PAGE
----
2. Most bloggers I have met I would describe as smart, decent, passionate people. This includes bloggers that I don't particularly like on a personal level. I have yet to meet a blogger who I would describe as a "Thoroughbred Scumbag".
3. Blogging is an art, same as any other method of self-expression. Some are better at it than others.
4. Stay as honest as you can, for as long as you can. Once you cross the line it’s hard to go back.
5. A lot of serious bloggers became so because frankly, they had a lot of time on their hands. And often there were good reasons for that.
6. Blogging is a great way to make things happen indirectly. I say that all the time, and will KEEP saying it till people finally get it [I’m not holding my breath].
7. Far too much time and energy is spent watching people make money directly off their blogs [e.g. via advertising revenues etc], as opposed to indirectly [e.g. becoming an authority on something, and using said authority to enhance your already-existing business]. I believe the latter [which Doc Searls call The "Because" Effect] is a far more pleasant, effective and likely way to succeed.
8. So you a read lot of A-Listers. Congratulations. You now know a lot of stuff everybody else knows.
9. It’s damn hard not to read a lot of A-Listers. They got to where they are for a reason.
10. I hardly ever leave comments on other people’s blogs any more.
11. If somebody makes a harsh remark about me in the comments or somewhere else, usually my first reaction is to ask, “Yeah, and what is it THAT YOU DO that is so fucking interesting, Asshole?”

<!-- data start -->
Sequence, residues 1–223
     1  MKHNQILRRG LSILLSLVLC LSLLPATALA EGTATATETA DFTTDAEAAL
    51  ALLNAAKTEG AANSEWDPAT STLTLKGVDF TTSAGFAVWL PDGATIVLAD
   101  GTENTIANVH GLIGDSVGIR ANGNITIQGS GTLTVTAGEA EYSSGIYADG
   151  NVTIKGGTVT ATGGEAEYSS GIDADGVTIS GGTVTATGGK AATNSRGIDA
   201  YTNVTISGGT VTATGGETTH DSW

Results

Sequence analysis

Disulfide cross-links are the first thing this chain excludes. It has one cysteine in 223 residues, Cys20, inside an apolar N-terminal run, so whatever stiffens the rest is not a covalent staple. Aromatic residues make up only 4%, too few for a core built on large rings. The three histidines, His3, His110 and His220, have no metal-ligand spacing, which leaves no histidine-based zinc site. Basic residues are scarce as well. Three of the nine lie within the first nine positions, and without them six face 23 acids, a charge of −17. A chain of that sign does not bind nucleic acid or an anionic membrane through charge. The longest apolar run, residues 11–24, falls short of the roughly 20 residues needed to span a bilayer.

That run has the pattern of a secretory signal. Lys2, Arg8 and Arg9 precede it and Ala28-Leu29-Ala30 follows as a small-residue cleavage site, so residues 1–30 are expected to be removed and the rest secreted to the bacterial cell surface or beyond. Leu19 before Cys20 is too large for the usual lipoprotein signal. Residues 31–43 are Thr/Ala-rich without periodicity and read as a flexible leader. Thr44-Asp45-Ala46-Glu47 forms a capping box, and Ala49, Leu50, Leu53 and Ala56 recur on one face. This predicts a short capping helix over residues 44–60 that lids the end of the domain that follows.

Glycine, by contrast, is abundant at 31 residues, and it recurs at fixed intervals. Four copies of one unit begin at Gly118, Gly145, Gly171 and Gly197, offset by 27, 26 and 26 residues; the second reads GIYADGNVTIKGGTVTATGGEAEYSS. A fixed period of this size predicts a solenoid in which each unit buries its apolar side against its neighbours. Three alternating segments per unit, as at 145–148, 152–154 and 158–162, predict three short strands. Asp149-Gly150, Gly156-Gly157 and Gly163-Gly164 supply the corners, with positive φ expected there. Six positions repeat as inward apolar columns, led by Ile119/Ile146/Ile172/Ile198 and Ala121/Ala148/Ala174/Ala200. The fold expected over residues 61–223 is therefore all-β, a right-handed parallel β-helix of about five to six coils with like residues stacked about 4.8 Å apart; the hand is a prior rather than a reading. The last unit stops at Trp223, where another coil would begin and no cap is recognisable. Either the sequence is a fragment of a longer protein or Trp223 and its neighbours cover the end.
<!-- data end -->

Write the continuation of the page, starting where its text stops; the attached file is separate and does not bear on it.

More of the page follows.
12. Cube-dwellers-with-attitude are pathetic.
13. When I first started blogging, I was living the Cumbrian boonies, being a bit of a recluse. When business finally picked up, as I started traveling more often and meeting more people, my “audience” became far less abstract to me. Conclusion: It’s far nicer writing for real people that you know personally, than for demographic “eyeballs”. I think when talking about the former, Doc Searls’ embodies this better than any one I know.
14. I agree with Doc Searls' thought that “Wuffie is earned”.
15. Why aren’t there more women bloggers in the circles I travel in? The answer is a three-letter word, beginning with the letter “M”.
16. The day you can write as compellingly and consistently as say, Kathy Sierra, Jeff Jarvis, Guy Kawasaki or Michael Arrington, will be the day I start taking your complaints of low traffic seriously.
17. Corporate America doesn’t really like blogs. Like I care.
18. If your goal is to have a large, influential online readership, I’d say give yourself five years. That's how long it took Om Malik. Some do it in less, of course, but they seem to be quite exceptional.